In this photo illustration, the digital cryptocurrency Ripple is displayed in Paris, France, on January 30, 2018.

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Blockchain startup Ripple believes U.S. banks and other financial institutions will start showing interest in adopting its technology Ripple Cryptocurrencies are gaining wider use in cross-border payments after a landmark ruling determined that tokens themselves are not necessarily securities.

Ripple general counsel Stu Alderoty told CNBC in an interview that the San Francisco-based company expects to begin talks with U.S. financial firms in the third quarter about using its On-Demand Liquidity (ODL) product, which uses XRP transfer. last week.

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Last week, a judge in New York delivered a landmark ruling against Ripple, ruling that XRP itself “is not necessarily a security on its face,” refuting in part the SEC’s charges against the company.

Ripple has been battling the SEC for the past three years, alleging that the agency accused Ripple and two of its executives of conducting an illegal offering worth $1.3 billion through the sale of XRP. Ripple disputes these claims, insisting that XRP cannot be considered a security, but more akin to a commodity.

Ripple’s business suffered as a result, and the company lost at least one customer and investor. MoneyGram, the US remittance giant, Terminated partnership with Ripple in March 2021.

Meanwhile, U.K. investor Tetragon, which previously backed Ripple, sold its stake back to Ripple after unsuccessfully trying to sue the company for cash.

Asked whether the ruling meant Bank of America would return to Ripple for its ODL product, Alderoty said: “I think the answer is yes.”

Ripple also uses blockchain in its business to send messages between banks, kind of like a blockchain-based Swift alternative.

“I think we hope that this decision will give financial institution customers or potential customers some peace of mind that they can at least come in and start discussing the issues they’re having with their business and the realities of moving value across borders without incurring undue fees ,” Alderrotti told CNBC on Friday.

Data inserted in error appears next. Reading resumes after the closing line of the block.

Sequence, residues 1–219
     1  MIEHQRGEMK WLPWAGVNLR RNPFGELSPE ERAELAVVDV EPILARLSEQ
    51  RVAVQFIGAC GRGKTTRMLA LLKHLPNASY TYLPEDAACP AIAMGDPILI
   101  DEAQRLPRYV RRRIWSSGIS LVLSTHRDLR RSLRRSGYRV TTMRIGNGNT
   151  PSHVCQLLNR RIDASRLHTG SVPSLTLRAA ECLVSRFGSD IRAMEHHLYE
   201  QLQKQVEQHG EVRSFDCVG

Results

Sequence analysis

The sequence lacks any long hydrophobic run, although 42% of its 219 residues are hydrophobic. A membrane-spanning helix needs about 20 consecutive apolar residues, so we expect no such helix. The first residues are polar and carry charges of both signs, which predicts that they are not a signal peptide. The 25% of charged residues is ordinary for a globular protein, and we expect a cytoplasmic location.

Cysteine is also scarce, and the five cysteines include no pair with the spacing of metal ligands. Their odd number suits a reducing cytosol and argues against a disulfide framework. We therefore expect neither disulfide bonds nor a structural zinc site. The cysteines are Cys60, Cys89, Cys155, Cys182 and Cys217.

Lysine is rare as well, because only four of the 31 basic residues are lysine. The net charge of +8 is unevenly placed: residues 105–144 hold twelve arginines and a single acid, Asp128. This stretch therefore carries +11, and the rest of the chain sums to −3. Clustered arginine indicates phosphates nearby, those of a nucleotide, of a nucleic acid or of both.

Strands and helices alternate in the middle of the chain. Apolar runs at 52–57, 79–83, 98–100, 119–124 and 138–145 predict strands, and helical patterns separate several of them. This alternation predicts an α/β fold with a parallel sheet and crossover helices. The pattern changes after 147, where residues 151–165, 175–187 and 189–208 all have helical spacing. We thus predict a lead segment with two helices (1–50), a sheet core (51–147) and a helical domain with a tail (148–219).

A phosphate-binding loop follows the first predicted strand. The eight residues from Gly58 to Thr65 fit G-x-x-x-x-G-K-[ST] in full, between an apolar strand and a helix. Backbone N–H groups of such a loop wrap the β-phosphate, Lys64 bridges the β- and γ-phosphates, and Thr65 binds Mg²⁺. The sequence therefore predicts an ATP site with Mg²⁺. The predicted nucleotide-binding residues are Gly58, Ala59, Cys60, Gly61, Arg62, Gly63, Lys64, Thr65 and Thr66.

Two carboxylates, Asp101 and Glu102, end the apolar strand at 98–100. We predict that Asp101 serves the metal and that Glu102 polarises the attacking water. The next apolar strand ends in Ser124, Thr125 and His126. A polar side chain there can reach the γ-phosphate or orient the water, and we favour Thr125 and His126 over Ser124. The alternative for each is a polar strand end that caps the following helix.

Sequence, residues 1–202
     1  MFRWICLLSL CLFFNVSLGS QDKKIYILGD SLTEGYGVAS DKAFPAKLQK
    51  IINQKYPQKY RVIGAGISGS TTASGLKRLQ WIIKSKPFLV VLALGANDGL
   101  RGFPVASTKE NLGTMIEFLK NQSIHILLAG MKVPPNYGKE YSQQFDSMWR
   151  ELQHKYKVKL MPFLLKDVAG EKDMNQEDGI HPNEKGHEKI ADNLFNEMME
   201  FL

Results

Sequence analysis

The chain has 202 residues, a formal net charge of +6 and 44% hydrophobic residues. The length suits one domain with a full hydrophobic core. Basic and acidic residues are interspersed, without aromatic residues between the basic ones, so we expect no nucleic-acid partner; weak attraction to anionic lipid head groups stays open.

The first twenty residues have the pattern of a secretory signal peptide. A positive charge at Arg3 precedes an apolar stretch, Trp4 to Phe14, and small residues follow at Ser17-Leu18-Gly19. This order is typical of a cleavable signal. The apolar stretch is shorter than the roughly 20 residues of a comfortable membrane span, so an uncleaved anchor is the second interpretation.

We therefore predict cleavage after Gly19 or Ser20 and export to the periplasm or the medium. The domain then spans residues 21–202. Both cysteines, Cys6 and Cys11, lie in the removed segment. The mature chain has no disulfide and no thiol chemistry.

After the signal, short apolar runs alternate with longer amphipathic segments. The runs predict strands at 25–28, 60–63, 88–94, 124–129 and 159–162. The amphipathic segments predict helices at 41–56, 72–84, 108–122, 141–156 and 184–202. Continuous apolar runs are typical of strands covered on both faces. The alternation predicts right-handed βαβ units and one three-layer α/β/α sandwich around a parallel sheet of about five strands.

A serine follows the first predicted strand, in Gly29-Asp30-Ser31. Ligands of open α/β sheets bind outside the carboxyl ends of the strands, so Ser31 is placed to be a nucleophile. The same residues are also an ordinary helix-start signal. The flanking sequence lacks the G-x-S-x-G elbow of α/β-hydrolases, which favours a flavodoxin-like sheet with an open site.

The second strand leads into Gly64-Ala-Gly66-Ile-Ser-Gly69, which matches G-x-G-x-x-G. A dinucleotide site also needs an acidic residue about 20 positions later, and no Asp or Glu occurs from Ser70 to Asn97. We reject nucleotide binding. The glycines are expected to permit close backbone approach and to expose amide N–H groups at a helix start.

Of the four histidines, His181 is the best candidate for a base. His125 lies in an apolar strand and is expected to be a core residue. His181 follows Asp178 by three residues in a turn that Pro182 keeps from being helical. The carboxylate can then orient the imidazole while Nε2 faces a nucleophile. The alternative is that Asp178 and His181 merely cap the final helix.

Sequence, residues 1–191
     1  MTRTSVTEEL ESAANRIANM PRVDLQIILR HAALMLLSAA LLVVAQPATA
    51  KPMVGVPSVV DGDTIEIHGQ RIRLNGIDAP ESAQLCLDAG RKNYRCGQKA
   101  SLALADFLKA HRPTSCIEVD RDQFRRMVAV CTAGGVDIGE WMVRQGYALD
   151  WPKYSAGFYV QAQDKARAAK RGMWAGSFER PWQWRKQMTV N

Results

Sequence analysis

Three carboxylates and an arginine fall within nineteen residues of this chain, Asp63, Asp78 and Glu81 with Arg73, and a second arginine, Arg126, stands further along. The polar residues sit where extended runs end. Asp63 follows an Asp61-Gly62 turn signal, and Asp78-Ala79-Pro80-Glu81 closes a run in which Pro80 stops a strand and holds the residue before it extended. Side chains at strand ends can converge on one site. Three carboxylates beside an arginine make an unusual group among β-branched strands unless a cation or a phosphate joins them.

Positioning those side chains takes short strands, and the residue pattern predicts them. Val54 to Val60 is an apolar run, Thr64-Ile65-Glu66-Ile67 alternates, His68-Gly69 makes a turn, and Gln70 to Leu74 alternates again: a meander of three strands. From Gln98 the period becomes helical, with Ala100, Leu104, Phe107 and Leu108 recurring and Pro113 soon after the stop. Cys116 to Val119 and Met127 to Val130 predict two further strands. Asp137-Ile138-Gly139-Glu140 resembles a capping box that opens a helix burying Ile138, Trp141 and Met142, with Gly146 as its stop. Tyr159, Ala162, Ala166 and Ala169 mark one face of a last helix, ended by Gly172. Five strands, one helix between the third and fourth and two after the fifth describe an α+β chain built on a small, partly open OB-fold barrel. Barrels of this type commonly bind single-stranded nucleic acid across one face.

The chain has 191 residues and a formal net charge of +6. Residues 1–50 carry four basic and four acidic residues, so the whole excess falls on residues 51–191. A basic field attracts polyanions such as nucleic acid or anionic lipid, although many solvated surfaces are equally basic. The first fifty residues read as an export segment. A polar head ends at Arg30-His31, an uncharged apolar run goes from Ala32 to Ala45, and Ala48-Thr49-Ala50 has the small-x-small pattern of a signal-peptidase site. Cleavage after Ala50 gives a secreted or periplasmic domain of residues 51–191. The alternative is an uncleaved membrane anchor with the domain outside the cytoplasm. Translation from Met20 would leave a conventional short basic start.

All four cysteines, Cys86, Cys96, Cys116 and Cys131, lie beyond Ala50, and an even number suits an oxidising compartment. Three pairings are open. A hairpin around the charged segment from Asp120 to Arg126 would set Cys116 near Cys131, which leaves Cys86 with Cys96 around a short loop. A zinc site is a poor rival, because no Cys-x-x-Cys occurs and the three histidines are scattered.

He added: “Hopefully there will be a lot of conversations with customers in the U.S. this quarter, and hopefully some of those conversations will actually translate into real business.”

The majority of Ripple’s business now comes from outside the U.S. Alderoty previously told CNBC that “(Ripple’s) customers and revenues come from outside the U.S., although we still have a lot of employees in the U.S.,” he added.

Ripple Wins Partial SEC Victory as XRP Is Deemed Not a Security in Some Circumstances

Ripple has more than 750 employees worldwide, about half of them in the United States

XRP is the cryptocurrency Ripple uses to move money across borders. It is the fifth largest cryptocurrency in circulation with a market cap of $37.8 billion.

The company uses the token as a “bridge” currency between transfers from one fiat currency to another (e.g., U.S. dollars to Mexican pesos) to solve the problem of pre-funded accounts on the other side of the transfer waiting to be transferred. pending funds.

Ripple says XRP can move funds in less than a second.

Still, the ruling does not represent an outright victory for Ripple. While the judges said XRP was not a security, they also said that certain sales of the token did qualify as securities transactions.

For example, the judge said that some $728.9 million in XRP sold to institutions the company worked with did qualify as securities, noting that there was a common enterprise, the expectation of profits.

Alderoty acknowledged that this is not exactly a victory for Ripple, and that the company will study the decision in due course to see how it affects its business.

“She (Judge Analisa Torres) found — although we disagreed with her — that our previous direct sales to institutional buyers were in the nature of securities and should be registered,” he said.

He said Ripple’s business would not be affected by the ruling because its customers are primarily located outside the United States.

“We’re going to look at what the judge decides, we’re going to look at what customers want from the market and see if there’s something here that fits the four corners that the judge found on the institutional side,” he said.


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